Paying Employees “Under the Table”: Is it Worth the Risk?
Most employers pay their employees via check or direct deposit. These payments are usually documented, which aids in handy when assessing the financial state of an organization or proving compliance with employment laws. However, some employers just don’t want to go through the hassle of processing payrolls every few weeks. Others can't afford to pay payroll taxes and insurance. These are the employers who prefer to pay employees “under the table.”
If you’re an employee or contractor getting paid under the table, taxes aren’t withheld from your income. However, this doesn’t mean you’re exempted from filing, reporting those wages, and paying taxes.
Yet, many people (employers and employees) accept cash as their payment method from side jobs or other work-related transactions, and the amount is not reported. The thing is, working and getting paid under the table is probably not a good idea. What’s more, both parties risk being slapped with federal and state penalties.
What Does It Mean to Get “Paid Under the Table?”
Paying someone under the table means to pay them in cash, without deductions. Cash is harder to trace. If you're not filling out tax forms and aren’t recording wages via a W-2 form, then it’s a form of tax evasion, and therefore, illegal. Paying under the table is sometimes referred to as unreported employment.
Since the employer or business isn’t deducting taxes from the employee’s paycheck, the Internal Revenue Service (IRS) is not aware of the worker and their employment status.
If employees are unrecorded, then as an employer, you have violated your legal responsibilities of obtaining state-mandated insurance. This includes workers’ compensation, disability insurance, unemployment insurance, and social security taxes. To put it simply, you’re intentionally refusing to comply with the various federal and state employment laws. Even worse, you're participating in one of the most common types of employment tax non-compliance.
Is It Illegal to Pay Employees Working Under the Table in Cash?
It's worth noting that getting paid under the table is not necessarily illegal in itself, as long as you report it to the IRS. Keep in mind that if you get paid under the table or pay employees in cash, you’re still obligated to report employment taxes.
As an employee, you should do so in a regular and accurate manner, including deducting and depositing the taxes as required. Failure to do so, and the IRS finds out that it was willful, would be considered fraud, and there could be grave consequences.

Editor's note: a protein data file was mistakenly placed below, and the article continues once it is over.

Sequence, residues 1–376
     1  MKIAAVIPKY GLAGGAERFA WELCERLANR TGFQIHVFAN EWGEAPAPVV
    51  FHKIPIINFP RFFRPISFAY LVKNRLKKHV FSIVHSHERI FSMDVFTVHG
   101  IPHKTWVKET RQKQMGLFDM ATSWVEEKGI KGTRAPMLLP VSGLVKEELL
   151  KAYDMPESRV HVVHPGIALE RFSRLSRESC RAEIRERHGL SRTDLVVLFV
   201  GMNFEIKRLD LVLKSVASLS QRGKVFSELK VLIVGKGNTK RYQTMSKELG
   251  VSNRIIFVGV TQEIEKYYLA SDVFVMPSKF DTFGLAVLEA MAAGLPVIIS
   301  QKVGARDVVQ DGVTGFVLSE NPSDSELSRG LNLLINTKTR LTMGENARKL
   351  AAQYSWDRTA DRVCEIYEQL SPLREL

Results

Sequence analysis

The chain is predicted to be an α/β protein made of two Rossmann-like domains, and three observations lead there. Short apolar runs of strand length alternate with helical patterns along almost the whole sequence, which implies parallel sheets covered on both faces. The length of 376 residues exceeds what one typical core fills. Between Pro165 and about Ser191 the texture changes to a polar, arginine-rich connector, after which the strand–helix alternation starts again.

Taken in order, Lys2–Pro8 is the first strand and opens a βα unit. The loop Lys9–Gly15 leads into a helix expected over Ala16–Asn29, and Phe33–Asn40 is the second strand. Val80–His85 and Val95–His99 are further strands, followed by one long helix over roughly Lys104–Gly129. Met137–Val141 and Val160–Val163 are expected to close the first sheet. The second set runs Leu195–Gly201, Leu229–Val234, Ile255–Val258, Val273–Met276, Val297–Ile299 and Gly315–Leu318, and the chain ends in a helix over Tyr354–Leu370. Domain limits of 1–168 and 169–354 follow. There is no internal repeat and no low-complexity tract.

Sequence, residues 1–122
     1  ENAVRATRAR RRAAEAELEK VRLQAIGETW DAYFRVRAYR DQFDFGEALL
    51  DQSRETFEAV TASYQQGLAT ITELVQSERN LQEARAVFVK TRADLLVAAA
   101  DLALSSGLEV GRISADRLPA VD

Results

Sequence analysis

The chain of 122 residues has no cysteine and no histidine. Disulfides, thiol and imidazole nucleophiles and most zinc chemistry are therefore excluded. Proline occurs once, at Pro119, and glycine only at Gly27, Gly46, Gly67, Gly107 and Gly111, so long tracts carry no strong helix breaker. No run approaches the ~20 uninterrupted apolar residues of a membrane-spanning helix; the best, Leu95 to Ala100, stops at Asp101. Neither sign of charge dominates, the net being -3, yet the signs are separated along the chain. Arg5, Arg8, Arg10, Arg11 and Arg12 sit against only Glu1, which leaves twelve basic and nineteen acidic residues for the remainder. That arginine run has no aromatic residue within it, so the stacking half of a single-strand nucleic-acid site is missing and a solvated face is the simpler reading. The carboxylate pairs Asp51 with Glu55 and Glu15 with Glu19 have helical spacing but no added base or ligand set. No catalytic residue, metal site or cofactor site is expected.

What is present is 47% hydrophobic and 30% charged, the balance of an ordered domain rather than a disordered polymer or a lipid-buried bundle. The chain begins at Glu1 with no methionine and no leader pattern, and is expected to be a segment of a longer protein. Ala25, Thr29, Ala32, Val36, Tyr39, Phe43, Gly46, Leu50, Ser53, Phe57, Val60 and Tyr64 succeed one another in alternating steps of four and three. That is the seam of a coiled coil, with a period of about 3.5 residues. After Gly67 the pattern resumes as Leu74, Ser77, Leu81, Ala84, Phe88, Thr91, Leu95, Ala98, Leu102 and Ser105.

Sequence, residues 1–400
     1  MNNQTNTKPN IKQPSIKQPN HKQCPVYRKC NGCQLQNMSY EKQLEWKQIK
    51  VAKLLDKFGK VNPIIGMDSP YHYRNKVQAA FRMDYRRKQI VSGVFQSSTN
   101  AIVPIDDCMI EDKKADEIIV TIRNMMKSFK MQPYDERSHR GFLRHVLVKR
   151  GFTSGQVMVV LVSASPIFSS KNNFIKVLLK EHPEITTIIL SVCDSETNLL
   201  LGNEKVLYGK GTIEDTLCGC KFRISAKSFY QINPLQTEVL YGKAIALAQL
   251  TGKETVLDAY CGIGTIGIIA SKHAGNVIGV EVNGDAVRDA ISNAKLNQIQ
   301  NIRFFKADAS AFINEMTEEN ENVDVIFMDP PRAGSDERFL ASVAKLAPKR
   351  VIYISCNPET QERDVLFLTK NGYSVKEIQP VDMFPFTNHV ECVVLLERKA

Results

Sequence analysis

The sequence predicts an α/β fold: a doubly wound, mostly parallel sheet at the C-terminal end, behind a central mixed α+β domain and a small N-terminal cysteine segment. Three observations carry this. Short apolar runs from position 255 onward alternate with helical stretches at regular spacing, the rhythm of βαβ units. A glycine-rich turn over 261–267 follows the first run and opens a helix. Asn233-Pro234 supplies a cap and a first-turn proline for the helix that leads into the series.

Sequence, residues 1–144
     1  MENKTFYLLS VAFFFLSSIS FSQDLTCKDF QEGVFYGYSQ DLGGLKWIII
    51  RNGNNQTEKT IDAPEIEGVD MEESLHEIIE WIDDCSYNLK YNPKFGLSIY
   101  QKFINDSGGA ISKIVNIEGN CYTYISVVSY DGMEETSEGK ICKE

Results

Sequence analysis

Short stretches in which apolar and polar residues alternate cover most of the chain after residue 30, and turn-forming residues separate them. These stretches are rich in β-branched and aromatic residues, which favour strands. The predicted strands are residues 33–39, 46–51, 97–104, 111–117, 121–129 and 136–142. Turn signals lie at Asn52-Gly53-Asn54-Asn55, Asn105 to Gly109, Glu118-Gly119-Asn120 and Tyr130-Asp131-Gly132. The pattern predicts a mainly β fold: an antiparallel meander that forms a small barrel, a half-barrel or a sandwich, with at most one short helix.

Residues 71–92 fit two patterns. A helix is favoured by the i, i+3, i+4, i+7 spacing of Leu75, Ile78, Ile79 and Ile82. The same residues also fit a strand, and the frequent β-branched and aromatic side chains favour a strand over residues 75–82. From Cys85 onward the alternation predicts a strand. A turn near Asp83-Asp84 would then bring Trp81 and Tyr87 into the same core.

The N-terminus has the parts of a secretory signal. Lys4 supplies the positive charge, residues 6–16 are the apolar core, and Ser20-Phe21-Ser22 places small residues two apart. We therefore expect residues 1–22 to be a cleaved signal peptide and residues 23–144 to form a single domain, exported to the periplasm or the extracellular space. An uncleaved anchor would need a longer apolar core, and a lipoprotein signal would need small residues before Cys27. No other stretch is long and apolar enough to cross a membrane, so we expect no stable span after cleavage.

Employers are required to withhold the following taxes from wages paid to their employees:
1. FICA (Federal Insurance Contributions Act) Taxes. Under this law, employers must:
- Withhold and deposit Social Security and Medicare taxes
- Match the amount withheld
2. Federal Income Taxes. These taxes, just like FICA or payroll taxes, must be withheld from wages paid to employees and deposited as stipulated by the law.
That said, it is unlawful to pay or receive payments “off the books.” Small businesses are prone to paying employees in cash because it's easy and efficient than following the legal process. However, it’s a very bad idea for multiple reasons worth exploring.
Consequences of Paying Employees Under the Table
Employers who pay their workers under the table might think it’s a way to avoid tax obligations. Some common types of gigs where employers pay in cash include babysitting, cleaning jobs, pet sitter/dog walker, landscaping, snow removal, and handyman, to mention just a few.
While it may seem easier and cheaper, it might come back to haunt you in the future. So, why do employers choose this route anyway? Here are some reasons:
- Some employers don’t want to contribute taxes or enroll in workers’ compensation insurance.
- Some employers pay cash under the table so they can hire employees not authorized to work in the United States.
- Some employers don’t want to deal with the hassle of recordkeeping.
- Other employers create false employment tax returns by paying cash.
- Others use the employment taxes that they should be withholding to settle personal expenses or creditors.
If you think that the IRS may never find out, consider what would happen to your business if one of the scenarios below plays out:
- An employee files for social security benefits and gets a lower payment than expected. He then makes an inquiry with the Social Security Administration.
- An employee gets injured on or off the job and files a workers’ compensation claim for insurance.
- A disgruntled employee, a past employee, or one going through a divorce or child custody issues files for unemployment benefits. This can trigger a chain of events that could lead to your business being audited.
The IRS has a large database that it can use to find irregularities in business owners’ income and lifestyle. The auditors are trained to detect things that raise red flags, which can form the basis of an investigation. As you may be aware, any kind of investigation from the IRS could hurt your business.
That said, the consequences of paying unreported wages can be severe. They include: